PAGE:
- A third big man (preferably a more veteran big man) who can log heavy minutes with Valanciunas and Amir
RHQ: A lot of consensus on the team needs, and a few that could potentially have been taken care of had we seen the magical "13 Game Andrea" reappear this past season. To none of our surprise though, we did not, and therefore moving onto the lightening round here, does Andrea get dealt this off-season and if so, do the Raptors get anything of value back personnel-wise?
Eric: No. I'm assuming Bryan Colangelo will be in charge still. I don't think he will be willing to give up on Bargnani for what's out there. At the trade deadline, virtually nothing was out there for the 7-footer.
Tim: I cannot fathom a situation where Andrea Bargnani comes back. I cannot remember a player with a perfectly fine disposition that has poisoned the well as badly as him. Fairly or not, he has come to represent so much of what fans (and some players) loathe about the organization that he simply cannot be there on opening day in October.
Now, as to the matter that the team can pull in something of value for him? That's something that Colangelo insinuates can be done yet he's been unable to prove it to date. It'll be a real test of his ability to wheel and deal. Bargnani's perceived value has fallen as he's failed to grow and mature as a player, but whether that perception reflects reality remains to be seen.
Ryan: He has to go, at almost any cost, but if Bryan Colangelo is back, he needs the optics to be right, which makes a deal far tougher. Bargnani might be back because Colangelo won't be able to justify getting scraps back for a guy he constantly told the board was worth building around because he'd be a star.
And all bets are off if Tim Leiweke recommends Colangelo's exit.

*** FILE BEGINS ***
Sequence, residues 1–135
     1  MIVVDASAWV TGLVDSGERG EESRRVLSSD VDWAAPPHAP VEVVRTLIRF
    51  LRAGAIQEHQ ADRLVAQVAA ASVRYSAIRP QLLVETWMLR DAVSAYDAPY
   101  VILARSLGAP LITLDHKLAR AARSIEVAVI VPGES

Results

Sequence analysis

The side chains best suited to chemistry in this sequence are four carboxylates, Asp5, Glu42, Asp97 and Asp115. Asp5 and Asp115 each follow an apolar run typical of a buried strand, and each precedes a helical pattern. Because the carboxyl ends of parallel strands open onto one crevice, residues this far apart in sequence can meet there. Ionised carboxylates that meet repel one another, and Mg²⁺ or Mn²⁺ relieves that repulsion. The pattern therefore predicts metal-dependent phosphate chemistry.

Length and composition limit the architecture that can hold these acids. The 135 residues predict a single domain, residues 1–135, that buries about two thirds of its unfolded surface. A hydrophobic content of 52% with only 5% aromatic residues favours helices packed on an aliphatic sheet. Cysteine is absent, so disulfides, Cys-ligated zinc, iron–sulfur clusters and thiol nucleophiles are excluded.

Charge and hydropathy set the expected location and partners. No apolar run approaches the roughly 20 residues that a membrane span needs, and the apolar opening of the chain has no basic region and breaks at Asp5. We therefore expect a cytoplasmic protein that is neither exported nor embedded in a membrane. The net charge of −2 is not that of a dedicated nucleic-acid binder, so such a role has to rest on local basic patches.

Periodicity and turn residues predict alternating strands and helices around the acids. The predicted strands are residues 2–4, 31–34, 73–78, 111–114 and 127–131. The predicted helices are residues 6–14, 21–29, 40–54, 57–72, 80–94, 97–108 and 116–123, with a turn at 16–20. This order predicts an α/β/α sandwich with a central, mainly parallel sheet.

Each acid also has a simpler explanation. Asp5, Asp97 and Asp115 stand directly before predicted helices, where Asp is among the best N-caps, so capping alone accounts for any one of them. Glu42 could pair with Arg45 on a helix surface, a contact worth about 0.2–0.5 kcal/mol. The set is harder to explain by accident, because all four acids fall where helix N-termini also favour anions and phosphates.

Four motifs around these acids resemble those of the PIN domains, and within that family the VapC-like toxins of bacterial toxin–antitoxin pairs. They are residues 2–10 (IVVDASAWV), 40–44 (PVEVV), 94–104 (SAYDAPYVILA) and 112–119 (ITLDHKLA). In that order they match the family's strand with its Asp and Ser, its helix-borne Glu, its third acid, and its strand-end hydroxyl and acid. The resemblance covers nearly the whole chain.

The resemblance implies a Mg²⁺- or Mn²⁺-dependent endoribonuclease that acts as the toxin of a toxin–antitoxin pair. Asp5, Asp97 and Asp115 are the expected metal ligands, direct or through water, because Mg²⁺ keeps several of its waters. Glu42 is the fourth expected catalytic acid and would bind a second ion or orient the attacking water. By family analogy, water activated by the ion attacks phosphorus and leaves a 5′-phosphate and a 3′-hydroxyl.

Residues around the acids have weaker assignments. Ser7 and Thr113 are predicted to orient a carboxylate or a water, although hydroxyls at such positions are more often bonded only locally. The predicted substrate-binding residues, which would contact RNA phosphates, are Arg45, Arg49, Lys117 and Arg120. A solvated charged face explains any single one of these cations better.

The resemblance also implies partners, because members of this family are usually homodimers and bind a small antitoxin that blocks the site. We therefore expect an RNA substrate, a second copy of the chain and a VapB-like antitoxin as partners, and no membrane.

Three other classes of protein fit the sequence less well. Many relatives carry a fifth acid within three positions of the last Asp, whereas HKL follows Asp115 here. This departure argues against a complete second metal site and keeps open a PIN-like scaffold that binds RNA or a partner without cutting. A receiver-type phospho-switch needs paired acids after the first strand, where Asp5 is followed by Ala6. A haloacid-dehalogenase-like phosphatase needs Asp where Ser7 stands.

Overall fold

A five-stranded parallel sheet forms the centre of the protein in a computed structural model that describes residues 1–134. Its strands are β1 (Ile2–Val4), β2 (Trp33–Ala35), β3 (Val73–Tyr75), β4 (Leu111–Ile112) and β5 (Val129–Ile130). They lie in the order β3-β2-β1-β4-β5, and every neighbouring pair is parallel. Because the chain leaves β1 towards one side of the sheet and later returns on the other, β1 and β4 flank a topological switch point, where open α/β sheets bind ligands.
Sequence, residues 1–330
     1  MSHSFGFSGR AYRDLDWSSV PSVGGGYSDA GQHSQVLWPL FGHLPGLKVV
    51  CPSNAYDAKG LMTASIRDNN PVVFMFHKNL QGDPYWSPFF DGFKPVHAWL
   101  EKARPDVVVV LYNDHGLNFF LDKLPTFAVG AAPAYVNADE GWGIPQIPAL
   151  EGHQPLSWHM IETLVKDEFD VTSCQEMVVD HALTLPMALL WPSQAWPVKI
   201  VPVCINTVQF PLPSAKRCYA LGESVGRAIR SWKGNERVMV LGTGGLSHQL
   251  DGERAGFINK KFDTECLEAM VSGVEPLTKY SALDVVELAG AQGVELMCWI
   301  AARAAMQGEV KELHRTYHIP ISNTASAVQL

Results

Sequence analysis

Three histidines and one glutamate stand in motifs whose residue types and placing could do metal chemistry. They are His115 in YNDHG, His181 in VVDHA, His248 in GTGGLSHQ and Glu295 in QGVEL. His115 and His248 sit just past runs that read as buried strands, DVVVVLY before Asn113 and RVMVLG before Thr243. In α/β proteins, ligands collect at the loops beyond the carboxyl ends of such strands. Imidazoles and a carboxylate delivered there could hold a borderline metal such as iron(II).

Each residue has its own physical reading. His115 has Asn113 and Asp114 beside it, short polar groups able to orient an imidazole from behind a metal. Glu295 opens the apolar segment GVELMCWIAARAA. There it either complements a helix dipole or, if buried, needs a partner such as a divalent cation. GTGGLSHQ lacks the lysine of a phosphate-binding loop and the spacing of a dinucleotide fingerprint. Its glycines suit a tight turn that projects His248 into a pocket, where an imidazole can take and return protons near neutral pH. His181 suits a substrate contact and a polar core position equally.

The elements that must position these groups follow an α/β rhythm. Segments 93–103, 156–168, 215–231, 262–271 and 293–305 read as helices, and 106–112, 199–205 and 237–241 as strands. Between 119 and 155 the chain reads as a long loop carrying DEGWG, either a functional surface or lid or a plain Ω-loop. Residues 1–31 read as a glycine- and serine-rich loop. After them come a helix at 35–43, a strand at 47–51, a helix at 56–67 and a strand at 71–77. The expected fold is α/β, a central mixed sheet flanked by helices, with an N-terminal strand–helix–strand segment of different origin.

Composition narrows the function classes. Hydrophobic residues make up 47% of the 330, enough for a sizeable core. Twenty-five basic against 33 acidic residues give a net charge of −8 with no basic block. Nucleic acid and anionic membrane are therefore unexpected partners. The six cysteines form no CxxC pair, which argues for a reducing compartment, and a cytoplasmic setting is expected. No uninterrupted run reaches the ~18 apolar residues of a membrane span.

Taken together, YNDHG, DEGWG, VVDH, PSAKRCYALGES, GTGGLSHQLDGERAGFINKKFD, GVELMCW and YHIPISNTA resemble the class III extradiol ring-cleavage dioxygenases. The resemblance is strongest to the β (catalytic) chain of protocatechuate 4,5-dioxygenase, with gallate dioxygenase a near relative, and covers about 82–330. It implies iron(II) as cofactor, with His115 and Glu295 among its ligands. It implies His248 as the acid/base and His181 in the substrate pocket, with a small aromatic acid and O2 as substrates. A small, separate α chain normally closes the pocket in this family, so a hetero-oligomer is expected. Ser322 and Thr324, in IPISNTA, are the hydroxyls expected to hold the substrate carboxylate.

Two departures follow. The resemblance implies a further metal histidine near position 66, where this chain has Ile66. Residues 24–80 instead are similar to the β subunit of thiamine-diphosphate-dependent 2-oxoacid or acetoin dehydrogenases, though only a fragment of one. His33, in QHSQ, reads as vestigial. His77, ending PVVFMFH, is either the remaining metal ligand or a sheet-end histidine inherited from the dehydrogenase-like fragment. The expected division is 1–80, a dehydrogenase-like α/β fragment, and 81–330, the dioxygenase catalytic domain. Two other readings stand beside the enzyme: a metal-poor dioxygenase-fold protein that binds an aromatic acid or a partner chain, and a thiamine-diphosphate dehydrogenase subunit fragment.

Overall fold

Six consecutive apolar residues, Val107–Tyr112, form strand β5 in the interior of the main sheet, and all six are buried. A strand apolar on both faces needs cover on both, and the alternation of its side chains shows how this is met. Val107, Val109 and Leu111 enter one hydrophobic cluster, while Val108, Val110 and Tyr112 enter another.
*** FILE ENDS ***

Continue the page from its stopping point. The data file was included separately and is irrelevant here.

The best opportunity to get something good for Bargnani probably would be packaging him with DeMar DeRozan.
Joseph: I've learned to never say never when it comes to assuming Bargnani will finally be shipped out of town, but having said that, this absolutely has to be the summer for Colangelo to cut bait with the "enigma of all enigmas." The offers would likely include a bad contract or two coming back the other way, but if it makes the team better and the bad contracts coming back aren't absolute financial killers, I'd like the team to try addressing some of those aforementioned needs we already discussed (backup PG, three-point shooting, third big man).
If nothing worthwhile is available to the Raptors after scouring the market for Bargnani, then the next best decision from a basketball perspective would be to amnesty the final two years and $22,225,000 of Andrea's contract. Of course, that's likely wishful thinking, as Colangelo would never amnesty his former No. 1 overall pick and MLSE likely wouldn't accept that they have to pay a guy so much money just to go away (amnestying Kleiza's $4.6 million option is one thing, amnestying Bargnani's $22+ million contract is another).